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Severance Pay Getting the Pink Slip as Cutbacks Become Commonplace

Layoffs: Packages for fired workers used to include 'a dollop of corporate guilt . . . but that guilt has run out,' an expert says.


Severance pay has become less generous as corporate America, and society, become more immune to companies trimming their ranks.

The idea of a paternalistic management that cared for workers like members of a family has receded into the myths of the golden age of prosperity. The new managers of the 1990s, eyes intent on the bottom line, won't be as understanding when they send you into the world looking for a new job.

"Originally, severance plans included a dollop of corporate guilt," said Alan Johnson, managing director of Johnson Associates, a compensation consulting firm in New York. "That dollop has run out now. Things are so matter of fact" when it comes to trimming payrolls.

"Companies that had multiple layoffs get stingier with each one," he said.

A blue-collar worker laid off these days might get one week per year of service, about one-third less than five years ago, according to Johnson. For the laid-off white-collar employee, the severance allowance is likely to be 1 1/2 weeks, compared with at least two weeks several years ago.

The median severance pay period for all workers--meaning half received more and half got less--peaked at 16.7 weeks in 1993, according to a report by outplacement specialists Challenger, Gray & Christmas. The median fell to 12 weeks in the first quarter of this year.


There is no legal right to severance, but it can't hurt to ask.

Companies often say the subject is not negotiable. "But it's always good to try," said Johnson. "If you don't ask, you never get it."

He recommends that you stress your value to the company and emphasize your personal situation.

When you take the value approach, try to convince your employer that you need to, and are willing to, complete that key project the company needs, and therefore you should stay on the payroll a few weeks more.

The needy approach: "I've got that last college tuition bill to pay and I really hope you can help me out."

Severance policies vary widely. Some heavily unionized industries have generous programs for blue-collar workers, which, in turn, drive the creation of better severance benefits for the salaried nonunion employees. Only a small fraction of workers are in companies with unions, though.

For most workers, severance is a sometime thing, depending on the industry, the size of the company and the goodwill of management. Benefits can range from zero to many weeks.

A client survey by Lee Hecht Harrison, a major outplacement and career development firm, showed that severance was virtually universal among companies in the fields of engineering, computers and software, insurance, media and entertainment. It was somewhat less common in aerospace.


Northrop, which has trimmed its work force to 16,500 at the end of July from 31,000 in 1990, offers no severance. Workers get 60 days notification that they will lose their jobs, and they are entitled to use "redeployment centers" at the company after they go off the payroll. These centers include offices where they can use telephones and computers for the job search, prepare resumes and take classes on resume writing and other topics to help them find a job.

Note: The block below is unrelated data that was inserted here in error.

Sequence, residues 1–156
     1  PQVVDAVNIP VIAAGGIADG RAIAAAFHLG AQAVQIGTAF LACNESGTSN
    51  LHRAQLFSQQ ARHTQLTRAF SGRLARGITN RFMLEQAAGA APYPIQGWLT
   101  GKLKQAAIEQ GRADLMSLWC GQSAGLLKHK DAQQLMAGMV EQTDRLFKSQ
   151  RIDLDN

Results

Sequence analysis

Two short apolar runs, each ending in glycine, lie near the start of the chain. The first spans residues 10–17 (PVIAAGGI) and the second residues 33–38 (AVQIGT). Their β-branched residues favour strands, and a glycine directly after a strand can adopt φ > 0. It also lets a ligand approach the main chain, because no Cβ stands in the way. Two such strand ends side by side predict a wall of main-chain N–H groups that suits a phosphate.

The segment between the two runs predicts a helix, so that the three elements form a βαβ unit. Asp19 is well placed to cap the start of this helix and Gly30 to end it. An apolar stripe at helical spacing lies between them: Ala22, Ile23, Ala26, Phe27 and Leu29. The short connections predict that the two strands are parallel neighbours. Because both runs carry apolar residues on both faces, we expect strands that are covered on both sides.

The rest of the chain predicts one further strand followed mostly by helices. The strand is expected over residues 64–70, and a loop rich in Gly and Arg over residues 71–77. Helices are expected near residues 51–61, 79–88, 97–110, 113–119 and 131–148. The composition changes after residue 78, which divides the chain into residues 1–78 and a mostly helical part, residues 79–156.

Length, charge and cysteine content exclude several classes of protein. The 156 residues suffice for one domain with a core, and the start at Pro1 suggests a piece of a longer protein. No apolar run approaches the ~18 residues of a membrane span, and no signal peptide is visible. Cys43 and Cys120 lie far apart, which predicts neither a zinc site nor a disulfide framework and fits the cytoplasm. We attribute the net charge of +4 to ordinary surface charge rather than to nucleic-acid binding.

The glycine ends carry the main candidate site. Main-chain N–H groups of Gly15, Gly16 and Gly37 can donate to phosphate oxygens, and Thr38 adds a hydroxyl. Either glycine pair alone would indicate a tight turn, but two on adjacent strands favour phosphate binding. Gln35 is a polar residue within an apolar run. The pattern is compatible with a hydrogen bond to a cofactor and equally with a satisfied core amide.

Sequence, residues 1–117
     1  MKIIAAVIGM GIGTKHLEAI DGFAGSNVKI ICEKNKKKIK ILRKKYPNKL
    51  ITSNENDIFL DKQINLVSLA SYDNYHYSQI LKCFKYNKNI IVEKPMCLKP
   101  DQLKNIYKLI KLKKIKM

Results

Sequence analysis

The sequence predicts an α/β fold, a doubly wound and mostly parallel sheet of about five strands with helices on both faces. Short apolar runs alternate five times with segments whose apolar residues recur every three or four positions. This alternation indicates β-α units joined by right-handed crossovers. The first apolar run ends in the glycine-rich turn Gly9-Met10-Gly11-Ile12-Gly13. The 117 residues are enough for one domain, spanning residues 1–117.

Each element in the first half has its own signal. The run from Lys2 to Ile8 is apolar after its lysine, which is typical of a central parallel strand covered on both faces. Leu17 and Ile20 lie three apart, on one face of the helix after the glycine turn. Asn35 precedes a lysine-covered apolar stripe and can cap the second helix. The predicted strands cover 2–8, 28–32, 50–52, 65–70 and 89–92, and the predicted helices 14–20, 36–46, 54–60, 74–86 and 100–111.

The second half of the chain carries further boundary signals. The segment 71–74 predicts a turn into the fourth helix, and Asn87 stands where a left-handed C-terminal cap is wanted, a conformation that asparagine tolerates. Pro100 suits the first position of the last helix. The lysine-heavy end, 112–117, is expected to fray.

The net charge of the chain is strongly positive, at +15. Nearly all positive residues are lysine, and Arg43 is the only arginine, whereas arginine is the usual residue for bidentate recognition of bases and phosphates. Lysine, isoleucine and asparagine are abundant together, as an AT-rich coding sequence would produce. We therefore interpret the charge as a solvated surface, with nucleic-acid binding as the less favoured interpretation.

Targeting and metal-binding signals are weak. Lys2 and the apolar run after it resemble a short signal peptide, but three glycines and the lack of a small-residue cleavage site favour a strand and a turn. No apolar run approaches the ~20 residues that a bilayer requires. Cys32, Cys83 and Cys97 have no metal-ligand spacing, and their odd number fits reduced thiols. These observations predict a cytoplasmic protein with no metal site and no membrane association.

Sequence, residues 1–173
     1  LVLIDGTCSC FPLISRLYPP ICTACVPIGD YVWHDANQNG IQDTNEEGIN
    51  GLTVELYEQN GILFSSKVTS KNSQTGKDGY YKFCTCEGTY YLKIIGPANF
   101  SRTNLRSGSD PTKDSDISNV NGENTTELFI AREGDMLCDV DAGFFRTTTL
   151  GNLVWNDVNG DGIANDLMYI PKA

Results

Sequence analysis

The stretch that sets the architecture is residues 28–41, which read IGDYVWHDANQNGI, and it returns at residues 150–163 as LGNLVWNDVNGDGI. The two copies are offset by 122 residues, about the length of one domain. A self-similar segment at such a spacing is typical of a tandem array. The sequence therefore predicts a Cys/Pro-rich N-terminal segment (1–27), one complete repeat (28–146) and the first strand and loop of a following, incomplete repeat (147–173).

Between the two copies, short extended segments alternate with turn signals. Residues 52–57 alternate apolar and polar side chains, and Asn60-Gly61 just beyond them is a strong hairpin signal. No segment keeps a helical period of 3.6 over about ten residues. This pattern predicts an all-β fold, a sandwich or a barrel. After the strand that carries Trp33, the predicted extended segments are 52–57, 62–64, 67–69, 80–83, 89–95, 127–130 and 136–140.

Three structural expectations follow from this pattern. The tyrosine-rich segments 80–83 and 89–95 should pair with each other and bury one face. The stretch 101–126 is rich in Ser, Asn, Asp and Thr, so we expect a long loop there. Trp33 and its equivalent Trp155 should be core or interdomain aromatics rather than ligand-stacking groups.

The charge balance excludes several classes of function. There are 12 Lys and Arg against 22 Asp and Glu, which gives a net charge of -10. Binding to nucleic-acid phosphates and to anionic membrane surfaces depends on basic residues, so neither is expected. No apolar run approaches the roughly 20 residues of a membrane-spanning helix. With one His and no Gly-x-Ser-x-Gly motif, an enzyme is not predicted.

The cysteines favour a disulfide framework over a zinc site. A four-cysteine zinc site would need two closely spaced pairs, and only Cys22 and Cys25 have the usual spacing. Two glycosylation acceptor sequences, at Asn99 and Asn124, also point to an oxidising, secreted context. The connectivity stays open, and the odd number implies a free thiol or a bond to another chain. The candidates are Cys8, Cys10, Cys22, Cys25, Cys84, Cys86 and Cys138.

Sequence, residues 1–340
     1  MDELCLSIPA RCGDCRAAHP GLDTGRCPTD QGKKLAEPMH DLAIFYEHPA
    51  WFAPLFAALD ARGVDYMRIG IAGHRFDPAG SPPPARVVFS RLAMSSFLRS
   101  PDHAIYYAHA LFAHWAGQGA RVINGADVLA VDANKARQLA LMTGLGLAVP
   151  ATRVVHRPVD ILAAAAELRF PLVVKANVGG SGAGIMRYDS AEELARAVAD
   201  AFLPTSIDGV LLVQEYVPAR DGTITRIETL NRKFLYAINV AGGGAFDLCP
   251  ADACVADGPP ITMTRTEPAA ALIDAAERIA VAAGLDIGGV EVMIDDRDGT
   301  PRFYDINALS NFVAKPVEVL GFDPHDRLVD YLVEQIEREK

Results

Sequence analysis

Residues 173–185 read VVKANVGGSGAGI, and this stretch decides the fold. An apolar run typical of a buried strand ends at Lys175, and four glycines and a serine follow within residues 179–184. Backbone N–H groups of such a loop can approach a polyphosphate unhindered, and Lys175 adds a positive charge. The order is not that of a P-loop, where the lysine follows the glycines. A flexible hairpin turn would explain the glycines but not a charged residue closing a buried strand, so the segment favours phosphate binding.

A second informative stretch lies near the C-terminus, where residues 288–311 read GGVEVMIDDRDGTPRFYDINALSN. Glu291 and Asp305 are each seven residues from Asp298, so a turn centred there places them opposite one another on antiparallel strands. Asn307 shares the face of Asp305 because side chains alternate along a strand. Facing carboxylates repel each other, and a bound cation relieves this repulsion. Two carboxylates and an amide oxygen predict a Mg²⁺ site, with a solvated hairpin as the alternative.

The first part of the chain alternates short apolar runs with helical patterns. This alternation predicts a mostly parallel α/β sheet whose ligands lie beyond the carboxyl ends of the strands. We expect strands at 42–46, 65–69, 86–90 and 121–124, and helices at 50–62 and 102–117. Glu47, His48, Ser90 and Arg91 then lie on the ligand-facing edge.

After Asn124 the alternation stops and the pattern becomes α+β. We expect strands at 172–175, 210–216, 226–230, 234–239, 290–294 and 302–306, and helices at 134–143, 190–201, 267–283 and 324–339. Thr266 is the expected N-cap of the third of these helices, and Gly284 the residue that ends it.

Lee Hecht Harrison said its typical client offering severance calculates the benefit at the rate of one week for each year of service, with a maximum of 39 weeks for executives, 32 weeks for salaried workers and 30 weeks for hourly employees. The minimums were eight weeks for executives, 4 1/2 weeks for the salaried workers and four weeks for the hourly workers.

The biggest variation in the survey was linked to the size of the company. Only 66% of the firms with fewer than 100 workers provided severance pay. But the big enterprises, those with more than 1,000 workers, offered severance pay about 90% of the time, the survey said.

"Larger organizations also tend to provide more generous severance amounts, set higher minimums and maximums, continue medical benefits and provide outplacement," according to the Lee Hecht Harrison study.


The common pattern, a week of pay for each year of service, was confirmed in another report, a survey among members of the Society for Human Resource Management, the trade group.

Most companies will expect a worker who is taking severance to sign a statement agreeing to forego any further financial claims.

This is particularly true in states "like California and New York, which are very litigious," Johnson said.

"You might have a little more severance, but they will require you to sign a release promising you won't sue."

The fact that severance is becoming more stingy may be offset by one hopeful note: you are a bit less likely to be tossed on the street if you are a long-term worker.

The pace of downsizing appears to be slowing, the Labor Department reported recently.

From January 1993 through December 1995, about 3.8 million workers lost jobs they had held for three years or more, according to a survey by the Bureau of Labor Statistics.

A similar survey for the period 1991 through 1993, with some overlap, showed heftier losses of 4.5 million.

The new report showed that the workers had been dismissed because the company closed or moved (44%); the job or shift was abolished (31.9%), or there were insufficient orders for the business (24.1%).

If that trend continues, fewer people will be thrown on the streets, clutching increasingly smaller severance checks.

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